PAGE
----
, 19:59

Where does heteroclisis come from? Evidence from Romanian dialects

Original Paper

DOI: 10.1007/s11525-009-9130-0

Cite this article as:
Maiden, M. Morphology (2009) 19: 59. doi:10.1007/s11525-009-9130-0


This study examines some cases of heteroclisis in the history of Romanian dialects, and concludes that the data call for a reconsideration of Stump’s distinction (Language 82:279–322, 2006) between ‘cloven’ heteroclisis, where the intraparadigmatic ‘split’ is aligned with some morphosyntactic feature distinction, and ‘fractured’ heteroclisis, where this is not the case and the pattern of heteroclisis is purely morphological. Stump’s account creates the impression that the ‘cloven’ variety is universally predominant, and that the ‘fractured’ variety tends to follow very closely the available ‘cloven’ patterns of the language. I shall suggest, instead, that the ‘fractured-only’ situation may in fact underlie heteroclisis cross-linguistically, the phenomenon being in general sensitive not directly to morphosyntactic content, but rather to characteristic, and often purely ‘morphomic’, patterns of stem-allomorphy.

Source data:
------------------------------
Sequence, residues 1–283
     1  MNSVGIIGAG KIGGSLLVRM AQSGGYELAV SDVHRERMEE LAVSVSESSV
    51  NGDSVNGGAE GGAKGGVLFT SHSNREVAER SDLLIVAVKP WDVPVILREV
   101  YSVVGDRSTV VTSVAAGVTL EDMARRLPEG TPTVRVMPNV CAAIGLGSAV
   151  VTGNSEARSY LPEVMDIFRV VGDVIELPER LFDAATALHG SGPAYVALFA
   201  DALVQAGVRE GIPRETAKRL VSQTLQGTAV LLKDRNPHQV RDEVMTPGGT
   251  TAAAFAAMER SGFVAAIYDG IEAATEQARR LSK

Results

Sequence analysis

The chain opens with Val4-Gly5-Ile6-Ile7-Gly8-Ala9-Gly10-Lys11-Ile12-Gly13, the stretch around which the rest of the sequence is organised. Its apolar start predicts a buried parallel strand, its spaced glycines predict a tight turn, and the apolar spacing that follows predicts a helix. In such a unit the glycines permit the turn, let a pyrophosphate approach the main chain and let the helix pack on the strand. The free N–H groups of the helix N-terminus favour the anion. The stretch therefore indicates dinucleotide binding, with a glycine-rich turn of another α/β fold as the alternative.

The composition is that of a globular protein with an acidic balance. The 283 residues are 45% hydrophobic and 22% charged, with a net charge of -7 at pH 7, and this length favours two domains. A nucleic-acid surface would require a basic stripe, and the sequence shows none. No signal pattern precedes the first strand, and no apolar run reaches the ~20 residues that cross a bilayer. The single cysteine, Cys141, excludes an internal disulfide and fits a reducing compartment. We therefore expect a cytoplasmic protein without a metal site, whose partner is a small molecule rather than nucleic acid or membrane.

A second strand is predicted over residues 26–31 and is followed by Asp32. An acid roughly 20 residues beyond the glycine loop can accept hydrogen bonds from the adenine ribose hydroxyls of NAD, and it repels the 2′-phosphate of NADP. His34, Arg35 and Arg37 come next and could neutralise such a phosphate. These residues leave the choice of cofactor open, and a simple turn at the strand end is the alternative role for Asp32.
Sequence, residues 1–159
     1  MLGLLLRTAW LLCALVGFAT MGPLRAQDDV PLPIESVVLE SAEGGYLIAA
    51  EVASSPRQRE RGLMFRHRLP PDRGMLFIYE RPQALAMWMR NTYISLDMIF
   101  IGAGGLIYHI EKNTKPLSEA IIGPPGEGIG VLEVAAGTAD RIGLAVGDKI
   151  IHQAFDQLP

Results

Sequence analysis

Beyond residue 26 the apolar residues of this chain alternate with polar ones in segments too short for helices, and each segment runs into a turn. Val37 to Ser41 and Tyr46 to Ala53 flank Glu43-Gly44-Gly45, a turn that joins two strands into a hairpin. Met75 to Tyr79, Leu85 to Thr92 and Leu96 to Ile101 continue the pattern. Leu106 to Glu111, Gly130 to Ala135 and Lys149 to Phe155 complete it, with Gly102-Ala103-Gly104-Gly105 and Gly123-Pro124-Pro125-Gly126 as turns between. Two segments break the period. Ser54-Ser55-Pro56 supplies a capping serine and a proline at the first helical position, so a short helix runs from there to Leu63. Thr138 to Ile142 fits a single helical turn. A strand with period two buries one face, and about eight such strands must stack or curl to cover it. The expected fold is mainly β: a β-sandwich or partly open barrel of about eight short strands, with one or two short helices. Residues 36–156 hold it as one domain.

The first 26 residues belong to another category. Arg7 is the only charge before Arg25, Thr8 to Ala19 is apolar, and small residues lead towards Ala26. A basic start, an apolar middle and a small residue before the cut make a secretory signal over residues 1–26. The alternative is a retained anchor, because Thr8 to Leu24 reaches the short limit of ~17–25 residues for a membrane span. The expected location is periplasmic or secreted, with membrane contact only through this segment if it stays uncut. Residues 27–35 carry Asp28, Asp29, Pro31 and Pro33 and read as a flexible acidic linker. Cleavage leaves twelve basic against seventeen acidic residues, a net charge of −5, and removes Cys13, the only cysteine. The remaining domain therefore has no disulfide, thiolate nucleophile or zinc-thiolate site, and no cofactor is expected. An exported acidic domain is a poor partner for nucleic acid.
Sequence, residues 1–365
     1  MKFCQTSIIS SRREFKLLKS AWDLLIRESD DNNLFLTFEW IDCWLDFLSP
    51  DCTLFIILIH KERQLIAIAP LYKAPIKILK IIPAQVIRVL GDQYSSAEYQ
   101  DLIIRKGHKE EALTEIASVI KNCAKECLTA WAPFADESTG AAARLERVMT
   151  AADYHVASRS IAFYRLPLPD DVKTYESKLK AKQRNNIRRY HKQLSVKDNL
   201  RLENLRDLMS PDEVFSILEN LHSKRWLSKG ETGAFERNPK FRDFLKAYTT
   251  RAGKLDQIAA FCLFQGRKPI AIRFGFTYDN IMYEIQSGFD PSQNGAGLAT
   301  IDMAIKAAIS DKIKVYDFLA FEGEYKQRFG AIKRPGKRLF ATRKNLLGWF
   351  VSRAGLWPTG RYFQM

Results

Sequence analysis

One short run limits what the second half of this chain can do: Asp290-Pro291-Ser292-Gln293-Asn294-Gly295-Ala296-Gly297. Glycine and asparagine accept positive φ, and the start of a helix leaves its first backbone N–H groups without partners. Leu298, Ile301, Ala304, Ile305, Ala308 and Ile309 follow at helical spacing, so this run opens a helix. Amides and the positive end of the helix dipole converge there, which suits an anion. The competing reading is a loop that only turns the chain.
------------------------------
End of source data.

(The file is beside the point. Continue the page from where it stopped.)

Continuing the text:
Copyright information

© Springer Science+Business Media B.V. 2009

Authors and Affiliations

  1. 1.Faculty of Linguistics, Philology and PhoneticsUniversity of OxfordOxfordUK